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7 Tax Deductions You May Not Know About in the Netherlands

Categories: Tax

After arriving in the Netherlands, it might not be immediately clear how to handle your tax situation. What do you need to provide to the tax authorities? Have you included all the required information and documents? And also, the essential question of, have you opted for all eligible possible tax deductions? We want like to help you with seven important tax deductions in the Netherlands to keep in mind.

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Non-Working Spouse Tax Credit

You or your partner might be eligible for the non-working spouse tax credit when either meet the following conditions:

  • one partner has a taxable income
  • the other has no taxable income
  • you and your partner are registered at the same address for more than six months during the period of 1 January to 31 December (Dutch tax year)
  • you and your partner are fiscal partners

Deductible Financing and Mortgage Costs

When you bought a house in the Netherlands in, for example, 2021, you might have incurred many extra costs in relation to the mortgage. These could come in the form of notary costs, taxation costs, mortgage interest, etc. These costs are, most likely, deductible in your income tax return for 2021. Not sure whether these costs are deductible? Your tax adviser should know which ones are and if they are deductible in your case.

Another option for declaring your mortgage costs is filing a provisional income tax return. You can file a provisional income tax at the beginning of or throughout the tax year. This is different from a regular income tax return, which you can only file starting from February/March in the following tax year. A provisional income tax return also has the benefit of receiving any entitled refund earlier. You will receive installments for this amount throughout the year. The provisional income tax return will give you estimated results based on your situation.

Note: It might be possible that you will have to pay a certain amount to the Dutch tax authorities instead of receiving a refund. The Dutch tax authorities will also ask you to transfer the amount in monthly installments.

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30% ruling and Box 2 and 3

Concerning the 30% ruling, the effect it has for your income tax report is that you will be exempt from paying taxes over your box 2 and box 3 income (except for a second property in the Netherlands). If you have been granted the 30% ruling for only a part of the year, it can still be applied to your income tax return.

The other effect is on your annual income statement. Your employer decides how to apply the 30% ruling on your salary if they want to apply it at all. If you are unsure if the 30% ruling has been applied to your salary, contact your employer for this.

Education Expenses

The general rule is you can only declare study costs related to your profession. Then, if you made study costs in the Netherlands, which you had to pay yourself and did not receive any study financing from the government employer, they might be deductible.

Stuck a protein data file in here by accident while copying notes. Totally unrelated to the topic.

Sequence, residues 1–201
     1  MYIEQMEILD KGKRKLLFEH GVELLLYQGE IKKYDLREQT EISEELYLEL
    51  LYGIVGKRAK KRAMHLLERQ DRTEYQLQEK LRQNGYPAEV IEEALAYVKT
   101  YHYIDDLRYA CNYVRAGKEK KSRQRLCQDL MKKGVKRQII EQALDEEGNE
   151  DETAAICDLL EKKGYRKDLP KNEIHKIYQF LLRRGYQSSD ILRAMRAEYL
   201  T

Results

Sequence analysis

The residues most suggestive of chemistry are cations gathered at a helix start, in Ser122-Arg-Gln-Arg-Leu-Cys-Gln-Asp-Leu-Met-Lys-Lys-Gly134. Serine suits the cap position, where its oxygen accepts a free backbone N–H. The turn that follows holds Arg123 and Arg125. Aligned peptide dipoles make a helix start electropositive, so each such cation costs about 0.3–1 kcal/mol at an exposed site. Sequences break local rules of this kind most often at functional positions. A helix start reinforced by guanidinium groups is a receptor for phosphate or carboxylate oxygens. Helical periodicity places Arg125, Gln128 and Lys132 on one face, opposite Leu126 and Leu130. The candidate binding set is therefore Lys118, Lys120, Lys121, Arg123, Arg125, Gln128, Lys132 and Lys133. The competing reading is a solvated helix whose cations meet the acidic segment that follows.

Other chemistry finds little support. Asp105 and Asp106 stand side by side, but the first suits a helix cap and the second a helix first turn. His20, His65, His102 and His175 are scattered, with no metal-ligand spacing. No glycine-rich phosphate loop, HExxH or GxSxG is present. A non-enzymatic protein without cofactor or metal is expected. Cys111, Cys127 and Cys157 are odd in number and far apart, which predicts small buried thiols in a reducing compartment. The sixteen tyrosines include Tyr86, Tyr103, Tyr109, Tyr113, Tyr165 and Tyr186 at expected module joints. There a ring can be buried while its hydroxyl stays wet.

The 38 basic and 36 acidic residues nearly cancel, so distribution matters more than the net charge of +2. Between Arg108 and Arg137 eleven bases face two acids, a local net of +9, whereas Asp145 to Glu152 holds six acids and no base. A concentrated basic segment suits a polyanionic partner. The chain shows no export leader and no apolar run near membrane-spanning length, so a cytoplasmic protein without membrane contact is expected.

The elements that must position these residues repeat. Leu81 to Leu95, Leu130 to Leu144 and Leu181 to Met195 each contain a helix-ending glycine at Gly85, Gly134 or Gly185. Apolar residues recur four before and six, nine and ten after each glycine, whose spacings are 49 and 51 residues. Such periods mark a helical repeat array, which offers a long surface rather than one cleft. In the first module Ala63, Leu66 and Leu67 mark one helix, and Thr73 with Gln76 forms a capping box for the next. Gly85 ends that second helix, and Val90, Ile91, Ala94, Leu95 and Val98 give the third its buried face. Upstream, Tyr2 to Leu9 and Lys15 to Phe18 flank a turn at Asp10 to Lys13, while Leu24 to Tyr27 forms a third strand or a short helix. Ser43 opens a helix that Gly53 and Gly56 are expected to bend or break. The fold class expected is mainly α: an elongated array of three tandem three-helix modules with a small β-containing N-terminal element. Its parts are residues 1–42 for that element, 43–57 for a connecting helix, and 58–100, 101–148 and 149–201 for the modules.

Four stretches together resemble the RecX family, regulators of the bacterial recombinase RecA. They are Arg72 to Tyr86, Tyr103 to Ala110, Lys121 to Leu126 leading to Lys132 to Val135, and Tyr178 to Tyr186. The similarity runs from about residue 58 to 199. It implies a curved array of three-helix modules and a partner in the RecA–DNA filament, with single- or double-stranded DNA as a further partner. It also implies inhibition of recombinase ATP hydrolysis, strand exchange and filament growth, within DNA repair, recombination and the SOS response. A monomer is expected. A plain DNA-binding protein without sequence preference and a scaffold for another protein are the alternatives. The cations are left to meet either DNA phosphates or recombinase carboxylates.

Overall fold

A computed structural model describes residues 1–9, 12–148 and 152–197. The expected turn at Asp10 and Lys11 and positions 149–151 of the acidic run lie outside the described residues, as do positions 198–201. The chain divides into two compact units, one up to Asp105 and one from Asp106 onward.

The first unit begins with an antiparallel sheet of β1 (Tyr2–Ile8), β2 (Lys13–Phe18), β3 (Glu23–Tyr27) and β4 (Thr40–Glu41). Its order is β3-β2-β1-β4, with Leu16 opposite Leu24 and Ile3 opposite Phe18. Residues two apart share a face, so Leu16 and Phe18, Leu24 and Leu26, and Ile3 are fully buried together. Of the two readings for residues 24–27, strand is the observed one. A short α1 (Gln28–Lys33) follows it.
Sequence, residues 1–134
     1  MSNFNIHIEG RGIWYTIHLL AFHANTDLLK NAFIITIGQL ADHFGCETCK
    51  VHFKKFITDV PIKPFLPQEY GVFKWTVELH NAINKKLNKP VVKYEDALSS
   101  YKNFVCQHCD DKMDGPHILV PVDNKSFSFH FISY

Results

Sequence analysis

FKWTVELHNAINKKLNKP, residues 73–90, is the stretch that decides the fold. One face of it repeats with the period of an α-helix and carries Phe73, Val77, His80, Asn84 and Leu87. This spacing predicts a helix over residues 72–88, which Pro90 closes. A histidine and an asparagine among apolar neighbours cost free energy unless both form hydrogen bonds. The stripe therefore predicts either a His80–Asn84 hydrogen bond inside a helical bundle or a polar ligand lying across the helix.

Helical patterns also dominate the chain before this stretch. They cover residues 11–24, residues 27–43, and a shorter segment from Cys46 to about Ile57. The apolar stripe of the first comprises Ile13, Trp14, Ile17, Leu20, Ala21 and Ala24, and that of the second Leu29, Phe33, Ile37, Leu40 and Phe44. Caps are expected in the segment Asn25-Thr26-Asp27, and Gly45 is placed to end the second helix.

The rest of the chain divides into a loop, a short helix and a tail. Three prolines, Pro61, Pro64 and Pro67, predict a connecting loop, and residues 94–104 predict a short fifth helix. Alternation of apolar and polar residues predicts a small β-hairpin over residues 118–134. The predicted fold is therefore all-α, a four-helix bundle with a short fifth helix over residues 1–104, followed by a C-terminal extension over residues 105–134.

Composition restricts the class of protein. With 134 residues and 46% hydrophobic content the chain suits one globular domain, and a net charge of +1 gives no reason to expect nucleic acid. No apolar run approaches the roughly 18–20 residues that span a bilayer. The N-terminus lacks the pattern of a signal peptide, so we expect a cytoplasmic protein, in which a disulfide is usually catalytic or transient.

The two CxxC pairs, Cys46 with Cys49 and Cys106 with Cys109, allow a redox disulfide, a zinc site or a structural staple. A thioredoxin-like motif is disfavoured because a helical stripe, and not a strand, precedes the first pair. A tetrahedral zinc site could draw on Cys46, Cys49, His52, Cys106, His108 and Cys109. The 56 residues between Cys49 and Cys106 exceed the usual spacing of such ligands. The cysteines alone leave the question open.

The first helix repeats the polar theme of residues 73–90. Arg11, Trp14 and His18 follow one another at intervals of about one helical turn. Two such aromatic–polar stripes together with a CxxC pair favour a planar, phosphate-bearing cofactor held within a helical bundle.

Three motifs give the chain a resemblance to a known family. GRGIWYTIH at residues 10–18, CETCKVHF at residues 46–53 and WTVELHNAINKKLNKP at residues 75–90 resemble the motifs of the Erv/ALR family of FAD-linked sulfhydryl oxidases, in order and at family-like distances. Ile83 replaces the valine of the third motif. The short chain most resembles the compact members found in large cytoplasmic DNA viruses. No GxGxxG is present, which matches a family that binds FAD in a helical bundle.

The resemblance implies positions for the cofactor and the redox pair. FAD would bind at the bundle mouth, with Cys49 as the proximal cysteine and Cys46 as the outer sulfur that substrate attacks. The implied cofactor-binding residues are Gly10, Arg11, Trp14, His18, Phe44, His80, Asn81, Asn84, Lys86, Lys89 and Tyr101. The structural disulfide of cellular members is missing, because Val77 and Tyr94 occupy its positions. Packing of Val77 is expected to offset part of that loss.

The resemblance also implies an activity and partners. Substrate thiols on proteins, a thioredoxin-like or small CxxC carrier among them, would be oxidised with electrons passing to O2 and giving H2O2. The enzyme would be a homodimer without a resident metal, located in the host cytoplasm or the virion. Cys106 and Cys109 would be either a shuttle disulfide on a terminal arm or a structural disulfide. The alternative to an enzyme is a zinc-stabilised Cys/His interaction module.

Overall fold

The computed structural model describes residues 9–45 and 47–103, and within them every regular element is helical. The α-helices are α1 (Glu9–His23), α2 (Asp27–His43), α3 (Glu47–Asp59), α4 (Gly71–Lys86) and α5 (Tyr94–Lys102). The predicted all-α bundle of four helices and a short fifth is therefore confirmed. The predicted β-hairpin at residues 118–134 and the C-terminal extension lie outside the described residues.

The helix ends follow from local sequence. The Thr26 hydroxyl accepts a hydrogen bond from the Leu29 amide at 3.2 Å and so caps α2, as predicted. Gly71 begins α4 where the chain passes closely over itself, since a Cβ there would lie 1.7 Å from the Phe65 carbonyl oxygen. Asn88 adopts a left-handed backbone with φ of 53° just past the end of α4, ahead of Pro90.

You will have to declare the years where you paid your tuition fee. Entitled refund(s) will apply to the year you started working in the Netherlands or those that came after.

Note: 2021 was the last year you could declare your study costs through the income tax filing.

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Medical Expenses

When certain medical expenses are not reimbursed by your health insurance and are above the own risk and the income-related threshold, they might be deductible through your income tax filing. For example, costs for prescription treatments or treatments under the supervision of a paramedic such as an optometrist or dental prosthetist. If you’re unsure your costs are deductible, ask your tax advisor which are.

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Donations

Certain donations costs might also be deductible in your income tax return. If the donation was made to an ANBI organization, you may be able to deduct the costs. Again, if you are unsure if the costs you have made are deductible, you can ask your tax advisor.

Self-Employed Tax Deduction

There are several self-employed tax deductions in the Netherlands. The self-employment rebate is an important one, which excludes you from paying taxes over a set amount. Important to know is that the start-up tax deduction may only be applied in the income tax return when you have worked for over 1225 hours for your company in the concerning tax year. You can apply this deduction for a maximum of 3 years in the first 5 of running your company. However, the Dutch tax authorities will be a little easier on the entrepreneur concerning the hour criterium due to the coronavirus pandemic. Between 1 January 2021 – 1 July 2021, the Dutch tax authorities will not look at the actual hours as other months as precisely. They mentioned that you can say you worked at least 24 hours a week for your company during these months. This also applies to the period of 1 January 2021 – 1 July 2021.

Also, think about the start-up tax deduction for new entrepreneurs. The start-up tax deduction is an extra tax-free amount on top of the self-employment rebate. For the tax year 2021, the amount of the self-employment rebate is € 6.670. This amount differs per year. As for the tax year 2022, the amount is € 6.310.

Note: The 1225 hours criterium also needs to be taken into consideration and certain conditions might apply.

For more information on tax deductions in the Netherlands, you can contact Blue Umbrella by email (info@blueumbrella.nl) or per telephone +31 (0)20 4687560